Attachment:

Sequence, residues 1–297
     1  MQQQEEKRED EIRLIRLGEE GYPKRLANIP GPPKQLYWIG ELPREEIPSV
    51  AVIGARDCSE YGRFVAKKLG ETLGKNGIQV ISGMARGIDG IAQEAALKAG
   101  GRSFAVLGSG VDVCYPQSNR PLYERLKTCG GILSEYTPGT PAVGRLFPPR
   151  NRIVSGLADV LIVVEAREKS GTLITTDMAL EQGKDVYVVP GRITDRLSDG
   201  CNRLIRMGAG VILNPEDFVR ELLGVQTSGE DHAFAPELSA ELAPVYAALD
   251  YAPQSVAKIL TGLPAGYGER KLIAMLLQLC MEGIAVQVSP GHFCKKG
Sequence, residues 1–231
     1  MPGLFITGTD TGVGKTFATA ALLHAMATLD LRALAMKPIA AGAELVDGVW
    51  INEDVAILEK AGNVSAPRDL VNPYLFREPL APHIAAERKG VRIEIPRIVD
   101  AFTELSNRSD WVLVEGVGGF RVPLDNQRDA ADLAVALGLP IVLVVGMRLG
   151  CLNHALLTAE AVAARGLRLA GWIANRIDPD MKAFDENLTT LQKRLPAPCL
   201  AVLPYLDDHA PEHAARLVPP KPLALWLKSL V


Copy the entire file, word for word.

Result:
Sequence, residues 1–297
     1  MQQQEEKRED EIRLIRLGEE GYPKRLANIP GPPKQLYWIG ELPREEIPSV
    51  AVIGARDCSE YGRFVAKKLG ETLGKNGIQV ISGMARGIDG IAQEAALKAG
   101  GRSFAVLGSG VDVCYPQSNR PLYERLKTCG GILSEYTPGT PAVGRLFPPR
   151  NRIVSGLADV LIVVEAREKS GTLITTDMAL EQGKDVYVVP GRITDRLSDG
   201  CNRLIRMGAG VILNPEDFVR ELLGVQTSGE DHAFAPELSA ELAPVYAALD
   251  YAPQSVAKIL TGLPAGYGER KLIAMLLQLC MEGIAVQVSP GHFCKKG
Sequence, residues 1–231
     1  MPGLFITGTD TGVGKTFATA ALLHAMATLD LRALAMKPIA AGAELVDGVW
    51  INEDVAILEK AGNVSAPRDL VNPYLFREPL APHIAAERKG VRIEIPRIVD
   101  AFTELSNRSD WVLVEGVGGF RVPLDNQRDA ADLAVALGLP IVLVVGMRLG
   151  CLNHALLTAE AVAARGLRLA GWIANRIDPD MKAFDENLTT LQKRLPAPCL
   201  AVLPYLDDHA PEHAARLVPP KPLALWLKSL V